23s Streamlined racing car – 1938-1956

23m Thunderbolt Speed Car - 1938-1941.

Meccano Liverpool and Bobigny must have had a good relationship with Studebaker USA. Many Studebaker models have been made by both UK and France, started with the 39f Studebaker State Commander Coupe in 1939 and ended with the 169 Golden Hawk (1958-1963).

Mike Richardson mentions in DT & MM on page 159: The motives for the choice of Studebaker is obscure as they were never seen on British roads and there were plenty of indigenous vehicles that could have been chosen – but they are pretty ..., but I think that Meccano Liverpool considered the US Studebaker brand important for the export to and generate money income from the USA after WWII. Meccano Bobigny had little choice of their own French car brands after WWII.

All these tankers are described in TMT. The 30p Petrol tanker Mobilgas can be found in TMT with the link: http://www.talkmodeltoys.com/discus/messages/27668/1183.html?1274697758

Below I show a photo of a 1947 Studebaker tanker with its impressive front with which the French Dinky Toys 25 series Studebakers started in 1949 and of which I own 3 original examples.

Jan Oldenhuis, 19 March 2020.

janwerner's picture
janwerner
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DTCA MemberNetherlands
Joined: Tue, 07/15/2014 - 06:56

Thank you for sharing your fine documentation with us, Jan! Remarkable, that older box and later model of yours. Both in exceptional condition. That's why I wonder if they still must belong to each other. There are so many chronological anomalies in Dinky Toys practice, that I would not exclude it. Perhaps the box came from some older stock. Well, we'll probably never know.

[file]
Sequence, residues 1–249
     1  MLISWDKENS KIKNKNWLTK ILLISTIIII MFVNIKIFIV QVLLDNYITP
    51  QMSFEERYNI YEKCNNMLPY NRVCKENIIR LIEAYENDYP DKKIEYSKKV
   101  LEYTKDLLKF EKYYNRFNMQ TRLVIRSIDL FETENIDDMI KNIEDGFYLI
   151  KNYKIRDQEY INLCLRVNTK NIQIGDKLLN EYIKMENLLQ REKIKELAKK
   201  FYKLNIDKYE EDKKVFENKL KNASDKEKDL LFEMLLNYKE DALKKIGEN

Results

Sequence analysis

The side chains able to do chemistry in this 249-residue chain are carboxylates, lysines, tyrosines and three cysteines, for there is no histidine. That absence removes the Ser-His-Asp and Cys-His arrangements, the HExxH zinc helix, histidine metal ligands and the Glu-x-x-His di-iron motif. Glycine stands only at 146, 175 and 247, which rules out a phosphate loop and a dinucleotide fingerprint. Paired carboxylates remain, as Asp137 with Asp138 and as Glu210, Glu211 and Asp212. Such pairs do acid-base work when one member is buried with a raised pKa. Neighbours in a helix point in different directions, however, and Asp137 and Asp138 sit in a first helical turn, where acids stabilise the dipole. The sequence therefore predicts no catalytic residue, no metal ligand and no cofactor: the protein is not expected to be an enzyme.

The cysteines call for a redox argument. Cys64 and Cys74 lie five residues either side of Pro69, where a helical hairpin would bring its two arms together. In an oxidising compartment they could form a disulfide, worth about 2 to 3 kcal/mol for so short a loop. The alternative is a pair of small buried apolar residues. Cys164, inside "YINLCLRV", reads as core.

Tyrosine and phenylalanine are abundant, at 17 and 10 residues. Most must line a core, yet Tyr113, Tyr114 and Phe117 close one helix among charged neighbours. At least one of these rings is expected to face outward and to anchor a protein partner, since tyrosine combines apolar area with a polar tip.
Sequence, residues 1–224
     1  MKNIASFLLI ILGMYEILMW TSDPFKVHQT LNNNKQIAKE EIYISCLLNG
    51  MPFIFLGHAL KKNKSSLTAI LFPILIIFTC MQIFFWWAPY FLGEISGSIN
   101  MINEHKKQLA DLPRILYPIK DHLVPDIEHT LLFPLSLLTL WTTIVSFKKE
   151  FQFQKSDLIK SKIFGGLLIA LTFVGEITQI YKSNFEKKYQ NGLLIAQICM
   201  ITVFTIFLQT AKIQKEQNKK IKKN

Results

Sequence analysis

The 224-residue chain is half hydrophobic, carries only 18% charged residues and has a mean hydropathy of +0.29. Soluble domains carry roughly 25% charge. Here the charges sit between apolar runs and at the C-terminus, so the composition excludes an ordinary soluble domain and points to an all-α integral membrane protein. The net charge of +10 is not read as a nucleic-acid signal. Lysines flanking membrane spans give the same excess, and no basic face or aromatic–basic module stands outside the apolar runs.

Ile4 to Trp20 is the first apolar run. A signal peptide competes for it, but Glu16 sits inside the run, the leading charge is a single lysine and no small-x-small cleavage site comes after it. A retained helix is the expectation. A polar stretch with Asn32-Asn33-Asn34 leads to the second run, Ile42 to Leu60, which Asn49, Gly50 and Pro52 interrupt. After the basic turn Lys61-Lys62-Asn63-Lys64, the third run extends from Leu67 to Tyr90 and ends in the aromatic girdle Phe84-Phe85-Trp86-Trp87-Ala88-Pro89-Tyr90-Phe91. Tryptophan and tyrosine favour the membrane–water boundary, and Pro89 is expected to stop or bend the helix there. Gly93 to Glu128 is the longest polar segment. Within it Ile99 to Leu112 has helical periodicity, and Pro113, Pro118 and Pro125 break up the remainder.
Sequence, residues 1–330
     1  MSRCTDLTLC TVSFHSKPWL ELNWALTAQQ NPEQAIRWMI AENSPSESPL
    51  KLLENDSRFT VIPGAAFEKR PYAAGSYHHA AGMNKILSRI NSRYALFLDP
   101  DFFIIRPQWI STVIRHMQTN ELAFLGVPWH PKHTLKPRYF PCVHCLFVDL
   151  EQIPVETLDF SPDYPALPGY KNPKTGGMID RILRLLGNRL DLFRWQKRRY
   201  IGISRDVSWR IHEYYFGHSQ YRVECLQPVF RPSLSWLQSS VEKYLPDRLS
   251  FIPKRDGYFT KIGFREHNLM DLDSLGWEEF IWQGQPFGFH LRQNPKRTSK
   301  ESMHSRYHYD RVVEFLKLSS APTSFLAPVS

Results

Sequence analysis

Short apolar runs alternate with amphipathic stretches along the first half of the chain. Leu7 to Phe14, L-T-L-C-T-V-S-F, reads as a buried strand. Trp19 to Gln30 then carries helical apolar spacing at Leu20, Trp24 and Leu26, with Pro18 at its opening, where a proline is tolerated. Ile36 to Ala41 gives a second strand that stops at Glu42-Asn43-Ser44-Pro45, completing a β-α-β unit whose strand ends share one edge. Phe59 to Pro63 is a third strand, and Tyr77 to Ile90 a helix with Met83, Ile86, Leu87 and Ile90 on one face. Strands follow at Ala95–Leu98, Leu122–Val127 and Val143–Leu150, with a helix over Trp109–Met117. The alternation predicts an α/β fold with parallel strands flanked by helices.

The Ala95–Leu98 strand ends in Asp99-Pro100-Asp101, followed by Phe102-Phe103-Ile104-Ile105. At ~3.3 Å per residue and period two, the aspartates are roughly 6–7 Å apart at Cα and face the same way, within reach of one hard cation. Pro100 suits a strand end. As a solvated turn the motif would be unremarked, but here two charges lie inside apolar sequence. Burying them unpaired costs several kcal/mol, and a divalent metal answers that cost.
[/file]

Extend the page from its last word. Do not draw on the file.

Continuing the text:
I believe that in this thread the 2nd type of this Mobilgas Tanker should not be overlooked. The drawing for the new decals dates of June 1957. So your example of the 1st type can hardly be much later. 

It is remarkable that this transfer change was never paid attention to in publicity or packaging, neither in the catalogue illustrations nor on the illustrated boxes.  No word or image in Meccano Magazine either. Even the final illustration in the 1960 catalogue still presents the old model in a new type of image.

I found the no. 190 Caravan as showing the same solution for the axle mounting. I cannot think of other examples. Kind regards, Jan 

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Townie54
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Joined: Tue, 07/07/2015 - 08:52

The Studebaker Dinky tanker has a very distinctive tank body, with the tank with rear sloping bucket doors extending beyond the side panels. Unlike the Gasoline Tanker in the Studebaker Trucks advert above where they are of apiece. This style was typical of Heil of Tennessee. As Dinky were meticulous with their tank bodies, such as on the AEC Monarch, they probably had a streamlined Heil to work from, as it is called a ‘Realistic Reproduction’.

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dinkycollect
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DTCA MemberFrance
Joined: Fri, 06/26/2015 - 22:49

                              The axle of the French caravan ref. 811 is also assembled in this way.